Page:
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Where EAST meets the Northwest

OVERTIME. To avoid getting fined for falling asleep on the job, Jasmine, 17, and Li Ping, 14, use clothespins to keep their eyes open – a common practice in China’s export factories. In the documentary, China Blue, filmmaker Micha X. Peled presents a revealing look into the daily lives of teenage girls who work long (often unpaid) hours in Lifeng Factory, one of a number of denim manufacturers in Shaxi, South China. (Image courtesy of Bullfrog Films)

BIG JEANS. In the documentary China Blue, Jasmine and her friends hold up jeans produced for Western customers. (Image courtesy of Bullfrog Films)

From The Asian Reporter, V17, #5 (January 30, 2007), page 1 and 10.

Global business interests conflict with workers’ rights in China

China Blue

Produced and directed by Micha X. Peled

Distributed by Bullfrog Films, 2005

Opening at Portland’s Hollywood Theatre on February 17

By Maileen Hamto

How much is a pair of jeans worth? Depending on where one stands along the supply chain, the answer varies widely.

Through the film China Blue, Israeli filmmaker Micha X. Peled presents a revealing look into the daily lives of teenage girls who work long (often unpaid) hours in Lifeng Factory, one of a number of denim manufacturers in Shaxi, South China. Their struggles expose the hard reality of how global competition and business interests directly conflict with upholding the rights of workers.

Beyond hard lessons in entrepreneurship and economics, the movie excels at exposing the very human motivations of the young women featured in the film. The Chinese are portrayed as being a very focused and hardworking people — from the factory bosses to the workers. Orchid, who has been working at the factory for three years, has the "same goal" as her boyfriend — also a worker in a nearby factory. The couple wants to one day save enough money to start their own business. The film follows the experiences of Jasmine, 17, who left her rural village to seek work in the city. Her primary concern is to be able to contribute to her family’s finances.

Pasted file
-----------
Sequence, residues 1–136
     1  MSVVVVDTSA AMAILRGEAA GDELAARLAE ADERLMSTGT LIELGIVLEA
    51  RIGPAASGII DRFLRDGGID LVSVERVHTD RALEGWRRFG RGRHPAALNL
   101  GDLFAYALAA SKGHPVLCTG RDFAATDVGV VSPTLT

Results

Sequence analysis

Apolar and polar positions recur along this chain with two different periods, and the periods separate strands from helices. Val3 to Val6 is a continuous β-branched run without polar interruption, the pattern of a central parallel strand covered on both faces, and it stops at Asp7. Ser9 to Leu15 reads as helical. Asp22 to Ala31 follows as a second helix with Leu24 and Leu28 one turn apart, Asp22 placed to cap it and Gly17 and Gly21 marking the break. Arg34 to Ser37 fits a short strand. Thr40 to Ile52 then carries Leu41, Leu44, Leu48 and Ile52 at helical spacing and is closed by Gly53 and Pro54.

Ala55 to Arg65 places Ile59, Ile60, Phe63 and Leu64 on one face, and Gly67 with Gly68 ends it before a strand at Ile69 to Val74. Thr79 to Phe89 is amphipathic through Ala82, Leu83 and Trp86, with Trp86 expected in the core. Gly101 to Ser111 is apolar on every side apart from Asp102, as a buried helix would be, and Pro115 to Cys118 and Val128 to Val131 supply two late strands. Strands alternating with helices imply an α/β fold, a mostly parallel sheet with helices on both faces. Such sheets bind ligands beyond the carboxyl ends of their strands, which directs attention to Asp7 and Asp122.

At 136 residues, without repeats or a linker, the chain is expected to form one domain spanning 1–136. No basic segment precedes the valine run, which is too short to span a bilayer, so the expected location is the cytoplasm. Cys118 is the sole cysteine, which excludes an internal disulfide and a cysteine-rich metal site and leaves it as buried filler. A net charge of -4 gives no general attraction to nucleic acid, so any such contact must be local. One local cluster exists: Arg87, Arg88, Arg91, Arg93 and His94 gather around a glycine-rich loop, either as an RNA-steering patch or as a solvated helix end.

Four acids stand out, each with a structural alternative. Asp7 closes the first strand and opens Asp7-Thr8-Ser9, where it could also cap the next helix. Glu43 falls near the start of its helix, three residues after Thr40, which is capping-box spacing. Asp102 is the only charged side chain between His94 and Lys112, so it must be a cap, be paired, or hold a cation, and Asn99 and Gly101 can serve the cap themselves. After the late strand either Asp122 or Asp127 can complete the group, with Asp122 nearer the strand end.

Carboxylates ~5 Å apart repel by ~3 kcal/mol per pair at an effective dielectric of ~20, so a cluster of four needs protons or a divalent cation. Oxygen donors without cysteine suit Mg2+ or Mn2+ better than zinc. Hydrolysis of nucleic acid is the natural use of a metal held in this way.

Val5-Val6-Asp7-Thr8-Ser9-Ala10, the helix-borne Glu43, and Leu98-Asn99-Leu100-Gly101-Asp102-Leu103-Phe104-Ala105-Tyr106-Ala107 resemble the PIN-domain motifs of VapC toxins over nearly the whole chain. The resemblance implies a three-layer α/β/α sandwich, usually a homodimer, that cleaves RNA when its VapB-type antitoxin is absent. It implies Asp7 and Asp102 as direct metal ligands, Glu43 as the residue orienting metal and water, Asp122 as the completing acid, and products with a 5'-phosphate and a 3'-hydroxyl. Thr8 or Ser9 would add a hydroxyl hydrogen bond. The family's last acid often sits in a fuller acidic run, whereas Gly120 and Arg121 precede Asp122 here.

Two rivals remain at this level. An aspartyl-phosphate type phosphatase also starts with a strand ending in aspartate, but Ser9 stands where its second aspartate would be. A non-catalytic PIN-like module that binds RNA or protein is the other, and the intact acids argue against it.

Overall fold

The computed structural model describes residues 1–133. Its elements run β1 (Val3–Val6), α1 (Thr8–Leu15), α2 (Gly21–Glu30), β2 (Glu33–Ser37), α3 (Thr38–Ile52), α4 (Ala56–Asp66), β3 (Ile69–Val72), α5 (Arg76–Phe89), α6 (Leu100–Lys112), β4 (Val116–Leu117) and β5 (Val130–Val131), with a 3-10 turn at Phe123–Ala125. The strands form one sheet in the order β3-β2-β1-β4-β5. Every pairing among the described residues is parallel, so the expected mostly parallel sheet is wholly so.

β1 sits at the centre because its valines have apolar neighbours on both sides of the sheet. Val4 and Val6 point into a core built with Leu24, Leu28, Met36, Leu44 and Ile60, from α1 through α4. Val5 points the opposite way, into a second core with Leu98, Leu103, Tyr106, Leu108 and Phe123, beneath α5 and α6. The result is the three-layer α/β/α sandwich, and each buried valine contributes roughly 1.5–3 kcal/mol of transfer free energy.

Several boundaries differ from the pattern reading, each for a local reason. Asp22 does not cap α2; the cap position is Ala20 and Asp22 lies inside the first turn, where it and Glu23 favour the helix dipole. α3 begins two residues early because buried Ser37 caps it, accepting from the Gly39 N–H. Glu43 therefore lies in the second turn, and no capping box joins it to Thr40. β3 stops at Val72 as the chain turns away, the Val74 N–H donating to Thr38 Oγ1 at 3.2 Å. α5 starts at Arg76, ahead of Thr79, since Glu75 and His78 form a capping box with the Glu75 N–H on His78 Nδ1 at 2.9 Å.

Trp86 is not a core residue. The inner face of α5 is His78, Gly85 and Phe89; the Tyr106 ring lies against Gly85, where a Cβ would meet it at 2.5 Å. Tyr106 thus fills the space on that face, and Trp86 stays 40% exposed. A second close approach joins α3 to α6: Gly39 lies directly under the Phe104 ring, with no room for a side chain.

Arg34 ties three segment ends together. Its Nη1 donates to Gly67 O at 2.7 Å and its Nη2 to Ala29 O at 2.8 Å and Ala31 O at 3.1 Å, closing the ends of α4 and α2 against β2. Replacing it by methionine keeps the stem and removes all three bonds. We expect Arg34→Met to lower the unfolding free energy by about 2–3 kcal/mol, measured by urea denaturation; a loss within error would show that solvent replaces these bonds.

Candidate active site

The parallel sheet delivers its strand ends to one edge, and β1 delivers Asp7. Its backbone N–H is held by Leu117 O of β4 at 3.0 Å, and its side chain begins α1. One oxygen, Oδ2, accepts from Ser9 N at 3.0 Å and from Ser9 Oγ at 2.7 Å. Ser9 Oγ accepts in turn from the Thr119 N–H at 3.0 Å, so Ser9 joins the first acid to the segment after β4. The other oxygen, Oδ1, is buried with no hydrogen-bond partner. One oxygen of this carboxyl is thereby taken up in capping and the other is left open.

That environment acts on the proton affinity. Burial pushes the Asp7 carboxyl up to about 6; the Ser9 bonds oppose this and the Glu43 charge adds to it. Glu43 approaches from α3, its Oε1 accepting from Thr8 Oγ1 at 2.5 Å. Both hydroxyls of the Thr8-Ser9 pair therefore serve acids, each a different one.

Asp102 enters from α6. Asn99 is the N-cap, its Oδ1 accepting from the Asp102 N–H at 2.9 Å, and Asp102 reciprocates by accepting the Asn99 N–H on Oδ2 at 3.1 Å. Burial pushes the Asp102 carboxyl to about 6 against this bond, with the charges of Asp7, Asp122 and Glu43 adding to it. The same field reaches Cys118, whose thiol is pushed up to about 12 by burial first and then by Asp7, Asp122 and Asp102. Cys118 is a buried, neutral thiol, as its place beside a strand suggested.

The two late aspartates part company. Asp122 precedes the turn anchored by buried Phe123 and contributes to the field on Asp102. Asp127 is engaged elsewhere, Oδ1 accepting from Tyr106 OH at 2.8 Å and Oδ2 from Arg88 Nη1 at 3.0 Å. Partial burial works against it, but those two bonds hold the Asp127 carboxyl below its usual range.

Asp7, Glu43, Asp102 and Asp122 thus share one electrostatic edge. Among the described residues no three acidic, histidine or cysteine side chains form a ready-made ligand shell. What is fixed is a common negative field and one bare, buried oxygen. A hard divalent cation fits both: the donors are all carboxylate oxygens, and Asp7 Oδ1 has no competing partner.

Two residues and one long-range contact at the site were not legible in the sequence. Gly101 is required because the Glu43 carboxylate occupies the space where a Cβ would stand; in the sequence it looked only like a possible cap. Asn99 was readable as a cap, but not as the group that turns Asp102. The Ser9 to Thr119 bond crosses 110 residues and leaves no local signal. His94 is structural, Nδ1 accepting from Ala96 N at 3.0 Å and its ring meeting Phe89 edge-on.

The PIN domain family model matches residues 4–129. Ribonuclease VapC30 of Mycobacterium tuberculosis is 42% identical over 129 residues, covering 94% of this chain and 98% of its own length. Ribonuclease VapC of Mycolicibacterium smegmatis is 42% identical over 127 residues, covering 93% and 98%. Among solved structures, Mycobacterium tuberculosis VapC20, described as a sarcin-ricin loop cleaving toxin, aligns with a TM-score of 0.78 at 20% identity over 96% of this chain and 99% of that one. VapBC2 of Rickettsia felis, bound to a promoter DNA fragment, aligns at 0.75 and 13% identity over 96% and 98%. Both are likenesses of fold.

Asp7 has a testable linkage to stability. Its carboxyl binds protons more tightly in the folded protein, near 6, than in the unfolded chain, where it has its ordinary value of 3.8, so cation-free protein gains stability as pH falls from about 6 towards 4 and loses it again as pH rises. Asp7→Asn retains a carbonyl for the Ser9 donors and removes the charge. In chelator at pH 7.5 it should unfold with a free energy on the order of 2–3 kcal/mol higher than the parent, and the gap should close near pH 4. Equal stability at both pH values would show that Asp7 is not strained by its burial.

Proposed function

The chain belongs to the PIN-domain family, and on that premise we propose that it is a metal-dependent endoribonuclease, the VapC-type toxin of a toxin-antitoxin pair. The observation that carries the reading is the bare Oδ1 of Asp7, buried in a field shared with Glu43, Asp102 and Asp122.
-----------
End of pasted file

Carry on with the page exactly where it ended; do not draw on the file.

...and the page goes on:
Each worker has a role in the assembly line, and each gets a few cents for each pair of jeans. Workers toil round-the-clock — without overtime pay — only to make pennies on each pair of jeans they advance through the line. Mandatory, uncompensated overtime is the least of their problems — the workers have no idea when they will get paid.

As a newbie thread cutter, Jasmine makes about $0.03 for every pair she preps for shipment. It takes her a half-hour to get each pair done — she makes a grand total of $0.06 per hour.

How did it get this bad? The film asserts that China is the world’s manufacturing behemoth because it has the human capital to keep up with increasing demand for cheap labor. The movie attempts to be fair — it does not place the blame squarely and heavily on any one participant in the complex game of capitalism and globalization. Mr. Lam may be the boss at the Lifeng Factory, but he is at the mercy of Western clients who command the price they want to pay for goods.

Labor is cheap. Chinese manufacturers are in competition not only with each other, but with the rest of the world. Lam is seen in tough negotiations with a British importer who threatens to take his business elsewhere because of a late delivery. The importer’s primary motivation is to secure the lowest price for the order. We learn that the per-piece rate for garments varies with each order, and so does compensation for each worker. At $4 per pair, after the cost of goods are deducted from the order, we learn that the factory makes only pennies on each pair of jeans completed.

The filmmakers acknowledge that the harsh realities of global competition are forcing Chinese companies to ignore and violate labor laws. To stay competitive, Chinese manufacturers lie to labor rights inspectors and cheat their workers. Former factory managers assert that workers are told to lie when asked about conditions in the factory. The factory keeps two sets of books detailing employee wages to satisfy inspectors.

While not intended as a lesson in economics, the film hints at the detrimental effects of Western consumers’ appetite for bargains. Western companies demand lower prices from their Chinese suppliers, allowing consumers to enjoy inexpensive goods. From a bird’s eye view, the roles played by consumers, producers, and suppliers are introduced — but not adequately discussed.

Forget the egregious markups. How much does a pair of jeans really cost? It’s clear that costs involved in producing one pair of jeans ought not to be measured in mere currency. As long as workers from poor rural areas in China are putting in countless hours of unpaid labor, it will be hard to pin down the real cost of denim.

China Blue will be shown February 17, 18, 24, and 25 at the Hollywood Theatre, located at 4122 N.E. Sandy Blvd. in Portland. For more information, including show times, call (503) 281-4215 or visit <www.hollywoodtheatre.org>.